Guillermo del Toro: the noncomformist of Mexico’s decorated cinematic trio

By July 25, 2018

This article is part of a series by Aztec Reports chronicling the most important cultural, artistic and political figures in Mexican society.

At first glance, the uniquely speckled films of Guillermo del Toro mix the bizarre and the surreal so seamlessly they look like the Latin American canon of magical realism come to cinema. His work’s ability to tie what we would normally see as repulsive on the surface to the universal bond of love, allows us to better understand why and how we feel the latter. The films defy the very medium they are set on by allowing us to look beyond the aesthetic and focus on what lies deeper, which is a characteristic that the Guadalajara-born director attributes to his upbringing.

When asked about his ability to look “into the darker side of human nature” while backstage at the Golden Globes earlier this year, del Toro responded in a way that would make any of his countrymen proud.

“I’m Mexican. No one loves life more than we do, in a way, because we’re so conscious about death,” he said.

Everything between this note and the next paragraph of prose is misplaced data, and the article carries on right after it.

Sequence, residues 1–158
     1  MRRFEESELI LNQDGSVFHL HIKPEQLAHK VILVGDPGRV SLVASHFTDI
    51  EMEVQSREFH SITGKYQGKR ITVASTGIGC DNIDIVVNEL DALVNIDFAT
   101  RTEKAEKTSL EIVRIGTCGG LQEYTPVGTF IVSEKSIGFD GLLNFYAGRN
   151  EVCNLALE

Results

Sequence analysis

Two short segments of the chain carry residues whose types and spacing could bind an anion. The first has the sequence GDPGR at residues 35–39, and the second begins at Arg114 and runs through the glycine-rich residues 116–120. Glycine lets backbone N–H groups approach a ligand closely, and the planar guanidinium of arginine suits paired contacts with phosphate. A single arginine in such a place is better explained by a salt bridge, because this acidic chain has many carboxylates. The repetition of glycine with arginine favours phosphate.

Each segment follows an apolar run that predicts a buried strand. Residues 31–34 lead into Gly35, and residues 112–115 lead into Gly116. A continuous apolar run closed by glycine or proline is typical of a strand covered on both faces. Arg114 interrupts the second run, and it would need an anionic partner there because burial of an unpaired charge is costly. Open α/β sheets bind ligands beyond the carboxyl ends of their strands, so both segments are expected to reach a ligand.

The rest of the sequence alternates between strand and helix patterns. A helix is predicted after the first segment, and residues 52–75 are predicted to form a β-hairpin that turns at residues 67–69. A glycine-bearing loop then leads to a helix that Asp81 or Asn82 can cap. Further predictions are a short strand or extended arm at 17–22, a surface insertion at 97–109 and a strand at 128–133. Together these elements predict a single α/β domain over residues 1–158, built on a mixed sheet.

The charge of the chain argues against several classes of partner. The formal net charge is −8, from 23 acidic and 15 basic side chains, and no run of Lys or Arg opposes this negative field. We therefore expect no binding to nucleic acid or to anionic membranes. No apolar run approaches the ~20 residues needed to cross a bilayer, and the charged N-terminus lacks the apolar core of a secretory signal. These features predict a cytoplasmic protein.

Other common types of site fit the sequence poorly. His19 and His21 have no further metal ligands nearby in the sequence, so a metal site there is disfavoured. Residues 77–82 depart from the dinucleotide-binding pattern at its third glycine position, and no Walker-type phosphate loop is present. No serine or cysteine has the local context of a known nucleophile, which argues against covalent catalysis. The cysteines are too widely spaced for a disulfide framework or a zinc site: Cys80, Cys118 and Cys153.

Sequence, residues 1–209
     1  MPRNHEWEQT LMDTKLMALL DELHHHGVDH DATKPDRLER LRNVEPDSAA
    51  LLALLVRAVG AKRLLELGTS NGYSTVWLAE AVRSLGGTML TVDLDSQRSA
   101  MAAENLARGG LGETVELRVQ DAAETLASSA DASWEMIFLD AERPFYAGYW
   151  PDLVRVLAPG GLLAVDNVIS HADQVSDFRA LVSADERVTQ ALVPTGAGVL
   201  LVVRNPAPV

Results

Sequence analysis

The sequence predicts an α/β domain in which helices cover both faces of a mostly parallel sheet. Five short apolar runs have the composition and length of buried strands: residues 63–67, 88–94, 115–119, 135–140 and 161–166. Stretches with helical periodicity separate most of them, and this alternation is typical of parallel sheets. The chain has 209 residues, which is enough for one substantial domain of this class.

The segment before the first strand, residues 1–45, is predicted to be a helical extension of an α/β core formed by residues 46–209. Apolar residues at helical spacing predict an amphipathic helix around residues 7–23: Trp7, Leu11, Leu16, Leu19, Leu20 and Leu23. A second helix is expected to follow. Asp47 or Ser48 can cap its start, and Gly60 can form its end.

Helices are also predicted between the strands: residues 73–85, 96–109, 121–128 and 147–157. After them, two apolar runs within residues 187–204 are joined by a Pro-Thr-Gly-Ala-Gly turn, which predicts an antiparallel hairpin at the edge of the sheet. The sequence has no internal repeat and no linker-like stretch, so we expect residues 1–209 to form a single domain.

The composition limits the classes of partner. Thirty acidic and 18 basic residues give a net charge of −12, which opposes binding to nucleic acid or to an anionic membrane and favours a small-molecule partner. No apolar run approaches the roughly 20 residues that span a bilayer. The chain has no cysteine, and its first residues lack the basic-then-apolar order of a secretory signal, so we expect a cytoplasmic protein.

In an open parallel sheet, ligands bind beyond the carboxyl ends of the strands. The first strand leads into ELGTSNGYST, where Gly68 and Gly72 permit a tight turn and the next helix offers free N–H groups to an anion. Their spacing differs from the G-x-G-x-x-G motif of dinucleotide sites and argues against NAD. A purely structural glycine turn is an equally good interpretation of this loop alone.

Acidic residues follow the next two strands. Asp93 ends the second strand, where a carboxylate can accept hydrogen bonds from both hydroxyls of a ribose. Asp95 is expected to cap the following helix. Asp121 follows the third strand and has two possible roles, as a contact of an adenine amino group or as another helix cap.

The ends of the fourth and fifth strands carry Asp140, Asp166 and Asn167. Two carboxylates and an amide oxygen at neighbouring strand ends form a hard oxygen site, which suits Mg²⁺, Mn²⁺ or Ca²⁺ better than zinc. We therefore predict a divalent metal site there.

Born in 1964 to a strict Catholic household, it didn’t take long for del Toro to branch out and become the rebellious mind that so many movie-goers adore today. He began experimenting with homemade movies at a young age before studying and eventually releasing his first big film, Cronos, at the age of 29.

Part of the three-headed monster of Mexican cinema alongside fellow award-winning friends Alfonso Cuarón and Alejandro González Iñárritu, del Toro is one of the most recognizable directors in the world.

Common in his major films is the proposal of monsters that we can cheer for or relate to, who are in direct opposition to the totalitarian figures of authority. That has led to Academy Award wins for Pan’s Labyrinth (Best Director) in 2006 and The Shape of Water (Best Film) this year. He has won and been nominated for other major awards for Cronos and Hellboy.

While accepting his most recent Oscar for The Shape of Water, a film in which a mute custodian falls in love with a sea monster trapped in the government facility she works at, the director spoke on film’s effect to break down the divisions that manipulators and authoritarians want to impose on us.

“In the last 25 years, I’ve been living in a country all of our own. Part of it is here, part of it is in Europe, part of it is everywhere,” he said during the speech. “Because I think that the greatest thing our art does and our industry does is to erase the lines in the sand. We should continue doing that when the world tells us to make them deeper.”